Home Letter To The Editor Keeping An Eye On Walnut Creek’s Seven Hills Ranch

Keeping An Eye On Walnut Creek’s Seven Hills Ranch



As you no doubt are aware the contested Seven Hills Ranch project goes before the Board of Supervisors Tuesday (today, Nov. 29) with the question before the board being whether a developer can significantly alter 30 acres of open space near Heather Farms Park and replace it with a 354-unit senior care facility.

I happen to be opposed to this project for many reasons, most of them already expressed by others, but I would urge you to give the project your attention as it moves through the approval process.

We can’t afford to ignore the special qualities of lands such as this and how we choose to use them.


Brooke Esterhaus/Walnut Creek 


  1. Good letter and thank you for giving this some visibility. I wonder which of the usual arguments they will use like providing a great social service by building more housing for the unfortunate or the Constitution one popular a few years ago that you are taking away their rights if you deny them use of their land for development and so on. We are already full up here in California and I was just watching the local news with a story how the gridlock on freeways might be addressed by making all roads in the Bay Area toll roads. Fun stuff. I am related to a soulless human like creature who develops land. Secret is he only cares about the money. One project this creature is pursuing is out of state on a toxic waste site where he got an exemption to build a senior living trailer park with the theory that the old people will die of old age before the dirt they live on gives them cancer. Nice guys, developers.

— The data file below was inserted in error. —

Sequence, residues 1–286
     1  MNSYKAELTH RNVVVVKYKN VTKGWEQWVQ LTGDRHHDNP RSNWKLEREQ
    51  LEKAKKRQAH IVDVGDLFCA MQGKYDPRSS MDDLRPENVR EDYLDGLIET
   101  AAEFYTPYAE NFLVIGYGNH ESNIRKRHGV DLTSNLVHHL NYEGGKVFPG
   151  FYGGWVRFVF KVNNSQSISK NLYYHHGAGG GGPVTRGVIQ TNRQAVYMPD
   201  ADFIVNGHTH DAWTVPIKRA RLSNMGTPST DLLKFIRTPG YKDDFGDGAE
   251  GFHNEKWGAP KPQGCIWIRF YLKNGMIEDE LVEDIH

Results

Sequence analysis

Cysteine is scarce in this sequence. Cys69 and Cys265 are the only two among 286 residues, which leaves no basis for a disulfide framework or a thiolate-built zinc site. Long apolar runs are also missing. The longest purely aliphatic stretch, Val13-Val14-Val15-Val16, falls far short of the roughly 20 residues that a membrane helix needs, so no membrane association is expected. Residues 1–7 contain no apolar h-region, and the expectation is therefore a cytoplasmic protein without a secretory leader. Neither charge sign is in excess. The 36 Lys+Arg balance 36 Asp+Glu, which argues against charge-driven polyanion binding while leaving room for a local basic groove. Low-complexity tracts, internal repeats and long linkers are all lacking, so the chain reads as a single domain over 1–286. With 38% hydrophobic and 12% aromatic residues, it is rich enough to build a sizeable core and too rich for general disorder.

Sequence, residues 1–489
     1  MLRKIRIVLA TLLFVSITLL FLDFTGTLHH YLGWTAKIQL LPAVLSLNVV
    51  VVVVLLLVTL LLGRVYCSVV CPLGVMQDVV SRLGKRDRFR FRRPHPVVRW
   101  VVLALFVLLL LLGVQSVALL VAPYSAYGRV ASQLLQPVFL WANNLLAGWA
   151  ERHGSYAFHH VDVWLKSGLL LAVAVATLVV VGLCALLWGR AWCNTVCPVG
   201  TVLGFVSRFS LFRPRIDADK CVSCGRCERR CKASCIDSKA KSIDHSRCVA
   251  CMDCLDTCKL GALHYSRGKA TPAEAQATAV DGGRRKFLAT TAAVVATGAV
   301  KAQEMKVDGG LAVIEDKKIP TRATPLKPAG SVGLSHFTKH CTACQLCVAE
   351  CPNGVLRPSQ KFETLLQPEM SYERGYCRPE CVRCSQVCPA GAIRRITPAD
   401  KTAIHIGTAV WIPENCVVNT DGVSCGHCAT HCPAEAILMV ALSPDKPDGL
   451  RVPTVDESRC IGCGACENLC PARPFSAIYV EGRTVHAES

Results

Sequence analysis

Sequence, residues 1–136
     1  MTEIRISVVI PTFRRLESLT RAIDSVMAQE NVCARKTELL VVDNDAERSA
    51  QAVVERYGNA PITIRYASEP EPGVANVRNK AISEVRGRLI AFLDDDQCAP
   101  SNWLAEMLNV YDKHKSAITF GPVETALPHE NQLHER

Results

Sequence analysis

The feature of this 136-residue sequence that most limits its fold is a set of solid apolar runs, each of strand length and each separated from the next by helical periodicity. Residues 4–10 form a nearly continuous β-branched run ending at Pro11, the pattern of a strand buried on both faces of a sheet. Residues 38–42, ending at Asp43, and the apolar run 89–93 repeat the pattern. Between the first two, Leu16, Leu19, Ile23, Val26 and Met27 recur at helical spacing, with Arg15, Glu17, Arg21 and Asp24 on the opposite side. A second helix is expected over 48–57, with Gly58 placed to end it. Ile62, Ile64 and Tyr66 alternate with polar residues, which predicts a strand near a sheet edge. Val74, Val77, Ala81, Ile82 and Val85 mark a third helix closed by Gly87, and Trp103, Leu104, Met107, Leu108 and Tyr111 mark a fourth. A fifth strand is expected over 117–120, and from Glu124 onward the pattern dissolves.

2. I guess I just never grasped the concept behind granting high profit margins to those who are paving over our land or polluting our air. Hopefully we’ll figure that out and engineer the equation before we tip the scale forever.

  3. They will go through the usual negotiations and the developer will pay for certain features the city can check off against its list and then it will be built – and the people who move in will call and demand that the animals who live there now be removed (killed) when they dare come back.

  4. Zoning is like an arms control agreement for property owners: I won’t overbuild my parcel if you don’t overbuild yours, and we all will benefit from uncongested living.

    Developers buy favors from elected representatives for the privilege of overbuilding, to the detriment of other property owners, eventually starting the density arms race that zoning had prevented.

    Aside from the distasteful influence game, we need a debate as to whether having more residents with a lower quality of life is better than having fewer residents with a higher quality of life. And as to whether mutual restraint on density was ever a wise or even viable strategy.

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